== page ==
Craftiness, baking and other lovely things.

Monday, 11 September 2017

Gluten free wraps - an easy win

It's taken three attempts and a lot of research, but I finally made a gluten free wrap that looks like a wrap, tastes like a wrap and stays soft like a wrap.  This is a big win for my family - our almost-Mexican-chicken-wraps are a favourite and (like the GF bread) the wraps in the supermarket have met with a definite thumbs down.

If you Google gluten free wrap recipes, you'll find variation after variation after variation, from the very simple (little more than a pancake in truth) to the fairly complex.  In the end, I turned to the dark side and played with a recipe for wheat flour wraps. I swapped out the water for milk, which seems to be key in GF breadmaking, and I increased the amount of liquid.

This recipe is also great for making sandwich squares.  Just roll the dough out a little thicker than you would for wraps and cook for a little longer.  I roll out as thinly as I can for wraps (not too thin though or it's just too fragile to move) and for sandwich squares not quite 0.5cm.  I should also add that I'm using the term 'squares' very loosely.  My squares have very rounded corners, I just made sure that I had pairs that would fit together to make a good sandwich.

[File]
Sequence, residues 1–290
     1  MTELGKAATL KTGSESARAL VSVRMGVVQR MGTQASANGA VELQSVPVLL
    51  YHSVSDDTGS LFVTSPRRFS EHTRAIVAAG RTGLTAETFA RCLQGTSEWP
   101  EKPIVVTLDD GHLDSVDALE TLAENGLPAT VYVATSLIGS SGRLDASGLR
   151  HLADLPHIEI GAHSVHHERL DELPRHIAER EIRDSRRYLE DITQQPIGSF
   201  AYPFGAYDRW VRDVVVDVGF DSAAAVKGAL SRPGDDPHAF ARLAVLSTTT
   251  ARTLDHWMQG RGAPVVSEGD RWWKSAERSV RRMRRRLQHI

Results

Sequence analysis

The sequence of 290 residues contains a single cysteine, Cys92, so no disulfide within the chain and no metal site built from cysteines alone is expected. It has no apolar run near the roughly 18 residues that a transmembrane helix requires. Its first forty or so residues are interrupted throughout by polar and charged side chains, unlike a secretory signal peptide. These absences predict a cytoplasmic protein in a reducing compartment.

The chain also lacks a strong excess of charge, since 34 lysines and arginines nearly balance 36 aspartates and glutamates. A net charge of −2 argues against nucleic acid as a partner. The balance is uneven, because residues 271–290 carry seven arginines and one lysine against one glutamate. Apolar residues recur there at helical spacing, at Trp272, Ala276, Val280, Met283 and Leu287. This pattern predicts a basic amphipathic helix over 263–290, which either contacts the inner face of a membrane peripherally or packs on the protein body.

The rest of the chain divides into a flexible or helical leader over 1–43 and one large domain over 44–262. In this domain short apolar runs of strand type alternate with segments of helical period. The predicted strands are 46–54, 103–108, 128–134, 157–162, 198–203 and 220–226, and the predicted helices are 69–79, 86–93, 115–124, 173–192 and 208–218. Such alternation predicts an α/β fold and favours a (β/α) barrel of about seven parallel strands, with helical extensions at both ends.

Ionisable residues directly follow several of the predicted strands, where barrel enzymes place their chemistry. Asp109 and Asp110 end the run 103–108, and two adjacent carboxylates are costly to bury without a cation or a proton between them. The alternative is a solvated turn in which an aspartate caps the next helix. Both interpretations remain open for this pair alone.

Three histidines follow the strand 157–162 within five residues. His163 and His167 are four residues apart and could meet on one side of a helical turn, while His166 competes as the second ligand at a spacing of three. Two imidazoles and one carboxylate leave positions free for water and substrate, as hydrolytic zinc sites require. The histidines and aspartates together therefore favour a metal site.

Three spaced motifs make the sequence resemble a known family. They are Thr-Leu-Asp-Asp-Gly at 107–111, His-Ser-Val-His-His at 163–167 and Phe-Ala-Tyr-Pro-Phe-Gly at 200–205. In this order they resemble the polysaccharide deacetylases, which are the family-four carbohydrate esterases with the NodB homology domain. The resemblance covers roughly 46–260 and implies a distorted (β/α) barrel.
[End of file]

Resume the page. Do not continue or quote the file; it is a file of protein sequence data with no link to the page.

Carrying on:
As always, I recommend Doves Farm white bread flour and I always add extra xanthan gum.


250g gluten free white bread flour
1tsp xanthan gum
1tsp dried instant yeast
1tsp salt
1tbsp soft brown sugar (or caster sugar if that's what you have)
20g melted butter (veg or olive oil would probably work, but I haven't tried it yet)
200ml milk, warmed to just lukewarm (I used skimmed because that's what I have)
rice flour or bread flour for rolling out
olive oil for frying


Put all the dry ingredients in your mixing bowl and mix on low speed while you melt the butter and warm the milk.  Add the milk and butter and mix on low speed for a few seconds then on high until you have a completely smooth dough.  It will be sticky.  Cover the bowl with clingfilm (oiled if you are using a smaller bowl and think the dough might reach the top).  Leave for about 2 hours.  If you want to leave it for longer, once you've given it 2 hours at room temperature you can store it in the fridge for a few hours or overnight before cooking.

This quantity makes about 8 wraps - make them smaller or larger as you wish.